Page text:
The Pressure Generated During The Insertion Of An Intramedullary Device: Experiments And Numerical Modeling
Free (open access)
D. Dobrjanski, O. Gaber, Z. Saghir, K. Behdinan, P. Zalzal, J. de Beer & M. Papini
During the orthopaedic procedures of total knee arthroplasty (TKA) and total hip arthroplasty (THA), it is often necessary to hammer an intramedullary device into the femur. This action is thought to create high pressures in the intramedullary canal, and may result in the release of fat emboli into the cardiovascular system. This work presents measured intramedullary pressures generated during hammering of an intramedullary device into a simulated femur geometry consisting of a tube of porous open-cell plastic with the same porosity and pore size as femoral cortical bone. The experimental results were found to be, on average, approximately 20% lower than those predicted by a computational fluid dynamics (CFD) model of the insertion process. Based on this, we conclude that it is reasonable to use CFD models to predict intramedullary pressures resulting from orthopaedic procedures that breach the intramedullary canal. As far as the authors know, this is the first attempt to use CFD modeling to study a problem of this type. Keywords: fat embolism, intramedullary cavity, intramedullary nailing, intramedullary stem, computational fluid dynamics, femur.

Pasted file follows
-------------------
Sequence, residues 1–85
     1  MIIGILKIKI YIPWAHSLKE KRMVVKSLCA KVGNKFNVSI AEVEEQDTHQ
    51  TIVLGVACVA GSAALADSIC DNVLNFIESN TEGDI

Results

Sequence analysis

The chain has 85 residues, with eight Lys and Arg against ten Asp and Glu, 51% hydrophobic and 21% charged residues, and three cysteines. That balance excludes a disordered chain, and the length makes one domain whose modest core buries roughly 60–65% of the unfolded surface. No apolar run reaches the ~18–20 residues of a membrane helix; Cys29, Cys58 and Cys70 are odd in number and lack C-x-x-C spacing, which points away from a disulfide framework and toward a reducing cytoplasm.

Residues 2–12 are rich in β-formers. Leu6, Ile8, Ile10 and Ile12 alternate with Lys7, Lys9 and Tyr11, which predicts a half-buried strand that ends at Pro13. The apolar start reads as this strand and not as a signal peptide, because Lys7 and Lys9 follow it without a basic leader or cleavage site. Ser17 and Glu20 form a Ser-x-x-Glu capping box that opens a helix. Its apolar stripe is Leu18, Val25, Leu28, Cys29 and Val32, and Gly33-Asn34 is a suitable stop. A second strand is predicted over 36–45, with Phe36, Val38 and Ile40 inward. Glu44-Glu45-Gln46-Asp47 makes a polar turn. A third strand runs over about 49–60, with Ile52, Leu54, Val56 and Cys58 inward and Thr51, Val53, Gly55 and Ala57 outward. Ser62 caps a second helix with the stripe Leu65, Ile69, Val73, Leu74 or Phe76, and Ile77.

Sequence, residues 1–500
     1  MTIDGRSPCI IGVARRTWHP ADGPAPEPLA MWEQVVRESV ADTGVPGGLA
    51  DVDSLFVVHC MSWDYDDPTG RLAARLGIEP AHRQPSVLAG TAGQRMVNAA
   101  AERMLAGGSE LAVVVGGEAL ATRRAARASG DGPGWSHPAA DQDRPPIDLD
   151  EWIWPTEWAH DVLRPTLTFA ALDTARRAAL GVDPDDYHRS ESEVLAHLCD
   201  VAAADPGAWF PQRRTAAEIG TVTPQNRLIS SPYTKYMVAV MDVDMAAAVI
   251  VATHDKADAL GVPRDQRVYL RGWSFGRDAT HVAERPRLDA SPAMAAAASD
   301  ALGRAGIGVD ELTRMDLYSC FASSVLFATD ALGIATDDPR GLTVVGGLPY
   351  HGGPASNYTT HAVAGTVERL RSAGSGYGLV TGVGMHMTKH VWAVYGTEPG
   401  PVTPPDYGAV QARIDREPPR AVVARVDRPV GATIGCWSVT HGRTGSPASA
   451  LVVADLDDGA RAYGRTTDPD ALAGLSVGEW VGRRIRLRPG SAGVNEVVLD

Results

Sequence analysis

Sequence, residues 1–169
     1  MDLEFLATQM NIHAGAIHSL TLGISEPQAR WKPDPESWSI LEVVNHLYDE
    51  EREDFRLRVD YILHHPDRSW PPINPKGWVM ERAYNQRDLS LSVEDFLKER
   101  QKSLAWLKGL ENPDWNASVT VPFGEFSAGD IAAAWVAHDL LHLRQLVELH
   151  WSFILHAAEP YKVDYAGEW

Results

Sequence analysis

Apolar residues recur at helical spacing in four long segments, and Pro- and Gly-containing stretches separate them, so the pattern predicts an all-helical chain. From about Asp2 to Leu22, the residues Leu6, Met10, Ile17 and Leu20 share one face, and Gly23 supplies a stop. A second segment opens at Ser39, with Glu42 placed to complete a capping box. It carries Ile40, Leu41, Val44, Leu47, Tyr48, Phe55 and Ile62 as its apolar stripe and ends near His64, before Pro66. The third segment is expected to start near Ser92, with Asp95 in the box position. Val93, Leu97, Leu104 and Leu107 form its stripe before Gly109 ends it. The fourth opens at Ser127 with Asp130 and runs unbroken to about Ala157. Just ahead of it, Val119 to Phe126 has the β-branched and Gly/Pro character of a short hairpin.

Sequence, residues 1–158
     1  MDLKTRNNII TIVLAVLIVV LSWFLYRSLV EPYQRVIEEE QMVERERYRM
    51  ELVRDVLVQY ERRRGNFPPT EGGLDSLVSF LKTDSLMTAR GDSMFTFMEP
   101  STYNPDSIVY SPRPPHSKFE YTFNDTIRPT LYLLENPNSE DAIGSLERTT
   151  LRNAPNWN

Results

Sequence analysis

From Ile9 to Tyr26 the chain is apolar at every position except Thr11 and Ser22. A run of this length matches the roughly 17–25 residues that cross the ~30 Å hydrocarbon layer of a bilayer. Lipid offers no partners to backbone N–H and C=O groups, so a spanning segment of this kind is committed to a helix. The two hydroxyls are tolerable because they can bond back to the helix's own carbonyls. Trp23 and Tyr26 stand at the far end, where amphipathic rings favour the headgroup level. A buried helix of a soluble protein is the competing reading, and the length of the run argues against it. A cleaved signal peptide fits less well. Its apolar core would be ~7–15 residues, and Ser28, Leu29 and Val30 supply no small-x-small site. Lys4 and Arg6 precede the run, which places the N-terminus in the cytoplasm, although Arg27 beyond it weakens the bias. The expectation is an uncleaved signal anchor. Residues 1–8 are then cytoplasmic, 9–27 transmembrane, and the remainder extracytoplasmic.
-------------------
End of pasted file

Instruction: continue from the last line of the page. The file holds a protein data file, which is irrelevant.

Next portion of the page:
fat embolism, intramedullary cavity, intramedullary nailing, intramedullary stem, computational fluid dynamics, femur.